There is a derivation of the equations above given by Giulini (may be more pedagogical?), You can look at it at :

http://ae100prg.mff.cuni.cz/presentations/Giulini_Domenico.pdf

As you will see he arrives at the same equation (2) assuming the "variable speed of light" is actually proportional to the gravitational potential, as I first assumed, (no need of variable speed of light). Please note that in general relativity the speed of light is constant in local charts, and thats enough for the theory.

ok, as asked by the operators I copy the main parts of the demonstration: the field equation for the gravitational field in Newtonian mechanics is: $$\Delta \phi = 4πG \rho$$,

the Newtonian force per unit volume (mass density x acceleration) is: $$f = −\rho \nabla \phi$$. Now, the work done against gravity to assemble a piece of matter $\delta \rho$ (along an incremental change $\delta \xi$ along the flow) is: $$\delta A=-\int \delta \vec{\xi}.\vec{f} =\int \phi \delta \rho$$,

a small change in the density of matter produce a change in the gravitational potential: $$\Delta \delta \phi = 4πG \delta \rho$$ with this the work can be written: $$\delta A=\int \phi \delta \rho=\delta ( \frac{-1}{8 \pi G} \int (\nabla \phi)^2)$$ where the equality is given integrating by parts the lhs. Thus it is possible to find the energy density of the gravitational field as: $$\epsilon=\frac{-1}{8 \pi G} (\nabla \phi)^2$$ Now, the important point is that any source of gravitational field must be compatible with the principle $E=m c^2$. Thus, (I jump to eq. 9) the mass equivalence of the gravitational field is: $$\delta M_g=\frac{1}{4 \pi G} \int \Delta \delta \phi$$ * Newtonian gravity fail this principle since the rhs is zero in absence of matter. So Einstein added the energy of the gravitational field (the $\epsilon$ calculated before) as a source. $$\Delta \phi=4 \pi G (\rho-\frac{1}{8 \pi G c^2} (\nabla \phi)^2)$$ Then computes the mass term (a complicated integral Im a bit lost here, eq. 11), and redefines for consistency with the work $\delta A$ the field: $$\phi \rightarrow \Phi=c^2 exp(\phi/c^2)$$ with this definition the equation becames: $$\Delta \Phi=\frac{4 \pi G}{c^2} (\Phi \rho +\frac{c^2}{8 \pi G \Phi} (\nabla \Phi)^2)$$ The redistribution of the c-factors is due to the redefinition of $\phi$. The $\Phi$ multiplying $\rho$ cancels when you replace everything by $\Phi$ and gets the original eqs. * above.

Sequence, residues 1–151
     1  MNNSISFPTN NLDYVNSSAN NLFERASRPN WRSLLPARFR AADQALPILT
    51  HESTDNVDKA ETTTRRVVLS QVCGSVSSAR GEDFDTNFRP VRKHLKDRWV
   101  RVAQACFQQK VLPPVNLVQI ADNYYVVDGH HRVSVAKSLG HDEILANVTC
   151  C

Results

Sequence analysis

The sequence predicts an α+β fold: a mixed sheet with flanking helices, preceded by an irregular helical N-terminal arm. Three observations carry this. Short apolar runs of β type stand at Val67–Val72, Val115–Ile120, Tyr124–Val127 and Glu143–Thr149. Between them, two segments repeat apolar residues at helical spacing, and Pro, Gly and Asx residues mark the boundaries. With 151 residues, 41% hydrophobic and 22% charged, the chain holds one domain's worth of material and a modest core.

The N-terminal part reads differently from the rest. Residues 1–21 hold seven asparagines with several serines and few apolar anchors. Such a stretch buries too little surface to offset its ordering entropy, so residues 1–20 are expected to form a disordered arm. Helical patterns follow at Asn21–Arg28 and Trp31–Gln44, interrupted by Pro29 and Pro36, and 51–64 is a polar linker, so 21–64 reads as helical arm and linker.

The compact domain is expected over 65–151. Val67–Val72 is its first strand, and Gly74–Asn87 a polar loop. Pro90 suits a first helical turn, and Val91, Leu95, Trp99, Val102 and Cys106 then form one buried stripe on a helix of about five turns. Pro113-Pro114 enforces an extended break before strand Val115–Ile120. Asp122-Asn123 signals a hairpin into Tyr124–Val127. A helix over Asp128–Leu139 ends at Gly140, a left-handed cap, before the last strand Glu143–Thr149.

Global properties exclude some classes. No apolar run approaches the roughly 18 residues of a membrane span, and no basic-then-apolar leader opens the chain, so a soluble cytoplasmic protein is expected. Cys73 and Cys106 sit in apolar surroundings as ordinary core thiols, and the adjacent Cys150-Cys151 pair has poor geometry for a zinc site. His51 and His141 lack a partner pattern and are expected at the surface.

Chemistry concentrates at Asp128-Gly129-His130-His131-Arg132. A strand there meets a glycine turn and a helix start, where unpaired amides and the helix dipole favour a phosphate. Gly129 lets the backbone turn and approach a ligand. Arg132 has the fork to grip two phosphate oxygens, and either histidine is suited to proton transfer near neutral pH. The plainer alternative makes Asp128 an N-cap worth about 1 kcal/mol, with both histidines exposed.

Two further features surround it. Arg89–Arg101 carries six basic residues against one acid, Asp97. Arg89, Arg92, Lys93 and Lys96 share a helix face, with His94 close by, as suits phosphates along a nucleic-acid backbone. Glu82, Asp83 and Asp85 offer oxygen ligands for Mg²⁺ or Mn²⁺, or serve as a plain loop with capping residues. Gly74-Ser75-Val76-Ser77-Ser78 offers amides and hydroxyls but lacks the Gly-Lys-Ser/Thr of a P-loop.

Well, this was the derivation of Giulini, not very pedagogical because of eq. 11. If I understand it I tell you. It could be better to read the original Einstein paper but I have it only in German. I'm sure Einstein was clearer at the end...

• Can you add some parts of the proof. Link-only answers are discouraged. – Ali Jul 24 '13 at 8:52
• @Giuoncito Thank you very much for this link. It is exactly what i looked for. Cannot be better. I fully agree with you, we don't need speed of light but I stuck on Einstein view. 3 months later, he gave up this approach for the metric tensor – user27423 Jul 24 '13 at 8:59
• @user27423: I found an arxiv:1306.5966v1 from Giulini in which he explains in more detail his derivation. In particular is now clear to me his derivation of the equation 11 of his presentation, that I didn't understand before. – Gluoncito Jul 26 '13 at 19:45
• Giulini also talks about the theory of Abraham a rival theory , published in the same year: "Einstein’s heuristics indicated clearly that Special Relativity had to be abandoned, in contrast to the attempts by Max Abraham (1875-1922), who published a rival theory [2][1] that was superficially based on Poincare invariant equations (but violated Special Relativity in abandoning the condition that the four-velocities of particles had constant Minkowski square). In passing I remark that Einstein’s reply [11]" – Gluoncito Jul 26 '13 at 19:46
• Saddly, I didn't find the English translations of these papers, and Hawking's compilation of Einstein's papers do not contain the paper in question. – Gluoncito Jul 26 '13 at 19:49